Marketing a SPAC: getting the communications strategy right
By Sandra Novakov, Head of Investor Relations
As the UK market prepares for changes heralding a more attractive environment for SPACs, understanding the nuanced differences in communications approach versus a traditional IPO is critical.
In 2020, IPO transactions by special purpose acquisition companies, or SPACs, reached a record 247, raising total gross proceeds of approximately $75 billion, or 48% of the overall U.S. IPO market by value. (Deal Point Data)
With the UK Financial Conduct Authority (FCA) expected to bring the UK regulatory regime onto a similar footing to those of competing financial centres in 2021, UK capital market participants are no doubt hoping for a slice of the frenzied action witnessed in other markets, and some impetus to listing activity.
Potential SPAC sponsors in the UK, as well as companies looking to go public via this route, should note that communicating with stakeholders, including investors and the media, through a SPAC transaction requires a slightly different approach to marketing a traditional IPO. Given scepticism from some regarding the quality of SPAC transactions, getting the communications strategy right from the outset is critical.
Proactive engagement through all phases of the transaction
One of the key features of a SPAC transaction is the ability to communicate proactively with the market throughout the entire process. Given that the success of the initial listing rests largely on the credibility of SPAC sponsors, there is merit in starting with profile raising early on and positioning the sponsors as figures of authority in their sector.
Gaining exposure to a wide range of investors, intermediaries and industry players is also important for building relationships and driving deal flow while the sponsors search for the appropriate target. Through regular engagement with sell-side analysts that cover the sector and attendance at selected broker-hosted conferences, sponsors can build trust and credibility that will be much needed further down the track as they educate investors on the merits of the selected target, often a relatively unknown private company, assuring them that it is an attractive investment opportunity.
Unlike in traditional IPO transactions, the roadshow period itself, which follows the business combination announcement, is also a dynamic period in a SPAC timeline. Given that trading in SPACs continues during this phase (which is soon expected to also be the case in the UK for SPACs that meet FCA criteria), a reactive communications approach is rarely an option. In order to maintain positive market sentiment and retain as many of the early investors in the SPAC as possible, having a pipeline of corporate news announcements ready can provide a tactical advantage during this period.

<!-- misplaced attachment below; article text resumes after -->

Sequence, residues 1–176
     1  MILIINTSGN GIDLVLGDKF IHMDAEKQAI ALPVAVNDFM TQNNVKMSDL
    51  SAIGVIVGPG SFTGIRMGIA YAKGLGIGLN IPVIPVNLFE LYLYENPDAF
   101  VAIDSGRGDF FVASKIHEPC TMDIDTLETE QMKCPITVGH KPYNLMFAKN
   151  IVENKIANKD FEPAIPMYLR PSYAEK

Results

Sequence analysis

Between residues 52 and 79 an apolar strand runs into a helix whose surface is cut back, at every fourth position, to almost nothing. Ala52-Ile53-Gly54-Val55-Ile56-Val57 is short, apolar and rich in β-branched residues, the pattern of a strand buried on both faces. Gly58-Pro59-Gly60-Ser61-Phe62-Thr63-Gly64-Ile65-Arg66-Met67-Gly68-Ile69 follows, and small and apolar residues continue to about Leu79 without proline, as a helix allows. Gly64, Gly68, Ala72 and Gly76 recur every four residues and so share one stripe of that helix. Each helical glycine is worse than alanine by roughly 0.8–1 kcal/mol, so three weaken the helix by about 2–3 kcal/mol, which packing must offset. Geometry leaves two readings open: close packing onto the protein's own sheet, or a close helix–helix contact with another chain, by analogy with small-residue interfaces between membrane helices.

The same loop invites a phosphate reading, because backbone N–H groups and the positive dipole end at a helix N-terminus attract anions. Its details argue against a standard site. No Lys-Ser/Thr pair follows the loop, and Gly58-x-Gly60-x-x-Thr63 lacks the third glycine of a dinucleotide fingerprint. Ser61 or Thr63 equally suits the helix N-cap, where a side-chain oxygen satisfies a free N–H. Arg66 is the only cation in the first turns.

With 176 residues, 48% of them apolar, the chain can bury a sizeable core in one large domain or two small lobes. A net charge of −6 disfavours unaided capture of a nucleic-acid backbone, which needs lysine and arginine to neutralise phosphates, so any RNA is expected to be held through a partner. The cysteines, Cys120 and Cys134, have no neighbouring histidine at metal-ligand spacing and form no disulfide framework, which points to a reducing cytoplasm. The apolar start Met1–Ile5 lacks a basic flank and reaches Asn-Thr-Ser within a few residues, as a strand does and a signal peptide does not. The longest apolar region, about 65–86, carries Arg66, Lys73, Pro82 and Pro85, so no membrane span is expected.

Crafting the message and optimising delivery
The business combination announcement is a key milestone in any SPAC transaction. This is when the detailed investment case is presented to the capital markets for the first time. With the operating company coming into the transaction process at a later stage than in a traditional IPO, drafting this can be particularly challenging, but should also be viewed as an opportunity. Ensuring that compelling messages are supported by relevant proof points and articulated clearly across regulatory filings and the investor presentation is vital. During this time, the company will also need to build an IR website, often within the short timeframe of a few weeks. This is where a dedicated team of trusted advisors can make a real difference.
A key element of these communication materials, from an investor’s perspective, is the outlook. Under regulatory regimes outside the UK, SPAC directors are typically absolved from liability for their projections and forecasts provided to the market. As a result, bullish and highly granular medium-term forecasts are common. Despite this flexibility, resisting the temptation to overpromise, however, is essential to securing a healthy aftermarket following completion of the transaction. Protecting the reputation of SPAC sponsors is equally important, given that they often have plans to return to the market with subsequent SPAC deals.
Despite the compressed timeline and intense workstreams running concurrently, extensive rehearsals ahead of investor meetings are also vital to ensure the management of the target company is ready to face investors, and that SPAC sponsors come across as knowledgeable and consistent in their answers to questions, to demonstrate that they have done extensive due diligence and know what they are buying.
Hitting the ground running as a listed entity
Once the transaction has been approved by shareholders and the combined entity becomes public, the company should be fully ready for life as a listed entity. Given that management of the operating company typically only has three to five months from signing a letter of intent to make these preparations, this process can be more challenging for SPAC listings than for companies listing via the traditional IPO route. It is, however, in the interest of both SPAC sponsors and the operating company that the internal infrastructure and skillsets needed to fulfil reporting obligations and implement a proactive investor relations programme are put in place in a timely manner.
Companies that go public via a SPAC not only have a more concentrated shareholder base than traditional IPO listings, but are often faced with a complete absence of sell-side analyst coverage on completion of the transaction. This reinforces the need for a comprehensive IR strategy in order to develop trading liquidity and visibility for the stock. What is more, as the SPAC sponsors take a back seat from ongoing investor engagement, it is imperative that the operating management and their IR team have the skills and confidence to deliver on these objectives.